OSH Park broke a record this time. They had my boards back in 8 days! Amazing. I thought I had another week to work on some code. I guess not. I'll just have to jump right into the build! Not that I mind.
The button board was a snap. Just 6 buttons and a header.
Just as a test, I laid one of the controller board PCBs into my 3D-printed frame just for a sanity check. I was nervous that I didn't give the front header enough clearance. As I suspected, it's way too tight to get a right angle header in there. I'll have to tweak the model.
In the meantime, I figured I'd go ahead with the build. I won't know for sure exactly how much space I'll need until everything is soldered together and assembled. I first need to put everything together in order to see if I need to make any last minute tweaks.
I started with the power stuff and dialed the voltage-out on the converter to 5V before soldering anything else in.
Once that was good to go, I went ahead and soldered in all the necessary components for the ATmega328 and the DS3231 RTC. I then uploaded a blink sketch to make sure that it worked. All systems go. I then uploaded my preliminary TVout sketch
It was then just a matter or soldering in the resistors for the set buttons, the header, and the battery backup. This board looks really cool. If I used all SMD-components, I probably could have made this PCB half the size, but I intentionally used as many through-hole components as I could in order to match the vintage look and feel of the old CRT PCBs.
I then clipped the two PCBs together. Looks good.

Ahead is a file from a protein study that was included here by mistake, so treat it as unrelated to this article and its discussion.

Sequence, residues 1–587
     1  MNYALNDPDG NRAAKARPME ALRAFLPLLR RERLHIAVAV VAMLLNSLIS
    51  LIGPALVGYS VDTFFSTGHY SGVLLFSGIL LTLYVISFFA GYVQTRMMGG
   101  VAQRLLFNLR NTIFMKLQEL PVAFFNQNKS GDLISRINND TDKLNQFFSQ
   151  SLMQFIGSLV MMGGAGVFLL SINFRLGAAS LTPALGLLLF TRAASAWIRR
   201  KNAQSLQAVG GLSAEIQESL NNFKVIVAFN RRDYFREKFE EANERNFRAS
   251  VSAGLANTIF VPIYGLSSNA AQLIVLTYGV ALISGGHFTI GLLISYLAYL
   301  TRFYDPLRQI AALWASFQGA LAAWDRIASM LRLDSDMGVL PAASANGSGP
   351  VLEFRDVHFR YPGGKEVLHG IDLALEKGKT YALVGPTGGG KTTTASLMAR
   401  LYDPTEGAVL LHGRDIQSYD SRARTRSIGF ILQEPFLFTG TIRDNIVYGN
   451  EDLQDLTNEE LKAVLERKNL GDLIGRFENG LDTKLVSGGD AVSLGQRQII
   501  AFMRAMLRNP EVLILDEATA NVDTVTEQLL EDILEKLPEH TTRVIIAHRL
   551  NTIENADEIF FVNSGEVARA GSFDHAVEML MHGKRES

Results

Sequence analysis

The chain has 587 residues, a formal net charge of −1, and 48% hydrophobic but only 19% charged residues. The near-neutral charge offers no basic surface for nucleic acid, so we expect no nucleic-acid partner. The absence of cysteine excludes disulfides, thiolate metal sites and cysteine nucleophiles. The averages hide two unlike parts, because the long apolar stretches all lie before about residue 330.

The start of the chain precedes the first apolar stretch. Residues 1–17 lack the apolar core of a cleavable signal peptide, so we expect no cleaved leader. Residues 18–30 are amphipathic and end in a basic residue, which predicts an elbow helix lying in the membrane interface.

I then chopped the top off my prototype frame in order to take a few measurements. As I suspected, the PCB and mounting holes need to be moved back a good 5 mm.
In order to save myself several hours, as well as material, I only printed the portion of the frame that I needed in order to verify that I nailed the dimensions.
I then dropped it into MatterControl and printed it out. It's perfect.
The header fits nice and snug within the cutout.
I then updated my model with the new changes and put it all back together for one last look. Solid.
About 7 hours later, I had the final version.
It was time to install all the electronics. I started by soldering in the CRT connections.
I then mounted my controller PCB. It was a lot easier to do than I had imagined. Thankfully, I realized early on in the design that I'd need to put holes in the bottom of the frame so that I could get a screwdriver under the screw heads. All I needed to do was hold the nuts in place with a pair or pliers.
One thing that I didn't anticipate was that two of the screw heads might touch some of the components on the underside of the CRT PCB. I put in a few millimeters of clearance to stop that from happening, but it still looks a little too close for comfort. For now, I just slid a piece of scrap PLA in there to shield the PCB from the screw heads. When I'm all done with it, I'll just put a small sliver of black tape in there; something that won't be as visible.
Once the controller board was installed, I secured the CRT to the top with my custom pieces. I then attached the button board to the front.
It came out awesome.
The last thing to do was solder a barrel jack to the power connector. Once I put it in a case, I'll incorporate an on/off switch.
I plugged in my 12V adapter and crossed my fingers. A few seconds later, the CRT started to glow and my clock display came on screen. Awesome! I love it when everything just comes together at the end and it just works. No hacks, no head scratching, no second spins. It just works.
Although the data on screen is being pulled in from the DS3231, the code for the set buttons has not been written. I need to wrap that up and tweak the display to better center everything. I also want to put in some kind of on-the-hour animation to limit screen burn. I also have to design the laser-cut acrylic case of it.
This project involved some serious engineering, and I'm really happy with the way that it's coming out. See this project from start to finish: CRT Clock, Part I CRT Clock, Part II CRT Clock, Part III
CRT Clock, Part IV CRT Clock Case